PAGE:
Amit Shrestha is an Oxford-BMS Fellow in the Department of Oncology. Here he discusses his experience and aspirations for the future of his research.
What is your research background?
My research background is in Molecular Biology and Biochemistry. I received my PhD from Cardio Pulmonary Institute, Justus Liebig University of Giessen, Germany where I was involved in understanding the role microRNA in alveolar epithelial lineage formation during early lung development and disease.
I am currently working as a Postdoctoral Researcher in Professor Nick La Thangue’s Lab in the Department of Oncology.
What are you researching now?
I research focus on the effect of E2F1 citrullination in inflammatory diseases.
E2F is a family of master transcription regulators involved in diverse cellular fates. The E2F1 subunit is regulated through extensive post-translational events including citrullination mediated by PAD4, which is known to occur in inflammatory cells. Increasing evidence suggests that PAD4 is involved in inflammatory disease in part by influencing target proteins which contribute to the inflammatory response. Therefore, my project aims to determine the impact of E2F1 and its citrullination on gene expression and relate this information to the context of inflammatory disease.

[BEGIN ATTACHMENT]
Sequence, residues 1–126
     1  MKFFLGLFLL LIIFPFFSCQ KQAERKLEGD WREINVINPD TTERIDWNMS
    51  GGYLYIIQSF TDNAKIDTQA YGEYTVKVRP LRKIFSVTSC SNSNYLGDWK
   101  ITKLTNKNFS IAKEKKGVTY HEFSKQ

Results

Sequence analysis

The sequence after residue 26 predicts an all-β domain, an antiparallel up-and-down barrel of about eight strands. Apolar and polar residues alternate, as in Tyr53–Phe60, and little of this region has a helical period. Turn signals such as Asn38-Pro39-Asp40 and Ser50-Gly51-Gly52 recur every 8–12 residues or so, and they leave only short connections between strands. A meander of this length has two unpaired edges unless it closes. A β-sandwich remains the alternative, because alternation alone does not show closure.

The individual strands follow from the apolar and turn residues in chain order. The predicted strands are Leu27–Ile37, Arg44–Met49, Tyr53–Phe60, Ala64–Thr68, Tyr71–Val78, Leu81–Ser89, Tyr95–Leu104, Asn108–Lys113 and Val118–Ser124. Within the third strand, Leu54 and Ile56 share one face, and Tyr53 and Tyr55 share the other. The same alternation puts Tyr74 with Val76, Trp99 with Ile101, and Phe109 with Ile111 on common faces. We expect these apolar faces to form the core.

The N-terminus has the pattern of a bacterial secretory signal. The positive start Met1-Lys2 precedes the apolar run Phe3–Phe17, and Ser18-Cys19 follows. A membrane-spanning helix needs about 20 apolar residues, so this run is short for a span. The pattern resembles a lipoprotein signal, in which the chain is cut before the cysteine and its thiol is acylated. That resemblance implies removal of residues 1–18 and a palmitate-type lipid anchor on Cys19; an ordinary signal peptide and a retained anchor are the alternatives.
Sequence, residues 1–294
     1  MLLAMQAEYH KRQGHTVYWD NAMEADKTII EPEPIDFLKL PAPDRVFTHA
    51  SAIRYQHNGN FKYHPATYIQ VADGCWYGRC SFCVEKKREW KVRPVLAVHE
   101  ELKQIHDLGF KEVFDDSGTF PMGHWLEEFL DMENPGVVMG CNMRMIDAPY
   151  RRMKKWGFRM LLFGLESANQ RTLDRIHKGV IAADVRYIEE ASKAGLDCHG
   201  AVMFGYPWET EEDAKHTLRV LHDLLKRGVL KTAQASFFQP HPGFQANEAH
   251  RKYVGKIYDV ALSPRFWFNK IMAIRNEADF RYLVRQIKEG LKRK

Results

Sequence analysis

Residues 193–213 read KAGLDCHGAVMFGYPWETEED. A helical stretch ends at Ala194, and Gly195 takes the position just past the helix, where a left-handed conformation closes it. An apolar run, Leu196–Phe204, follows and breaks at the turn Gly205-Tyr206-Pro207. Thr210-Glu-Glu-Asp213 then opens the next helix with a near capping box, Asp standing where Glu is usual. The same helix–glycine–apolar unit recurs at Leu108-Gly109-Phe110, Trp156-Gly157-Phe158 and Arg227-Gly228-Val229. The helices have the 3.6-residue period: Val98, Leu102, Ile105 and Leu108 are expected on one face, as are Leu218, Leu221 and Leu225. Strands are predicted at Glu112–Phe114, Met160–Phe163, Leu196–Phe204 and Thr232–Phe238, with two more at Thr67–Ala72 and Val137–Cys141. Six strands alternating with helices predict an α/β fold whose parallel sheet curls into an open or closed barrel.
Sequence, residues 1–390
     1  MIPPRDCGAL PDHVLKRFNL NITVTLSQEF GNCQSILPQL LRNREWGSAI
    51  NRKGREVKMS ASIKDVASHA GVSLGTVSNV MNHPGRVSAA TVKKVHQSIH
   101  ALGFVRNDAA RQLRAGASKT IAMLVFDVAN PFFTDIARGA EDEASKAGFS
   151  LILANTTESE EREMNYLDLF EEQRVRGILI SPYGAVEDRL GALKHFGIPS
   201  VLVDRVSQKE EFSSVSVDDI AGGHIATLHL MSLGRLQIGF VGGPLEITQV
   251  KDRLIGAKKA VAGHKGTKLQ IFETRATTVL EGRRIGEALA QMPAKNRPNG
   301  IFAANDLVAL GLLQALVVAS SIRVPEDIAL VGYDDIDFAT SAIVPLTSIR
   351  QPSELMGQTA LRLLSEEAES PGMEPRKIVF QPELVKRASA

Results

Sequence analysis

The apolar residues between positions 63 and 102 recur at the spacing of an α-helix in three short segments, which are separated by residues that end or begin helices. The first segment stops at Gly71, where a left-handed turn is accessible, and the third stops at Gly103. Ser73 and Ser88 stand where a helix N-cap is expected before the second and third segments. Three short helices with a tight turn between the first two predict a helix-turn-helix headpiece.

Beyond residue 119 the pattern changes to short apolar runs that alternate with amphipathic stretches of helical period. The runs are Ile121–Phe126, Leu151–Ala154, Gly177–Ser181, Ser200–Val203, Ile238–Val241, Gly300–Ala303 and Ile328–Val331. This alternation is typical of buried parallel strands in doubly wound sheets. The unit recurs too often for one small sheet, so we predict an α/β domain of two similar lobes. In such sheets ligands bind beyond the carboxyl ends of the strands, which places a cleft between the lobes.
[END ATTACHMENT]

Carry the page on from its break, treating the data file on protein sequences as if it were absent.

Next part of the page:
What has your experience of this Fellowship been like?
My experience with this Fellowship so far is very positive. The BMS mentors are extremely helpful and supportive. This fellowship has given me a great opportunity to understand how the pharmaceutical industry functions and how they prioritise their research. In addition to this, it gave me a platform to meet people from both industry and academia.
What are your aspirations for the future of this research?
E2F1 citrullination in inflammatory diseases setting has not be widely explored. Therefore, I hope this research will help us to better understand the underlying molecular mechanism downstream of E2F1-PAD4 axis during inflammatory disease.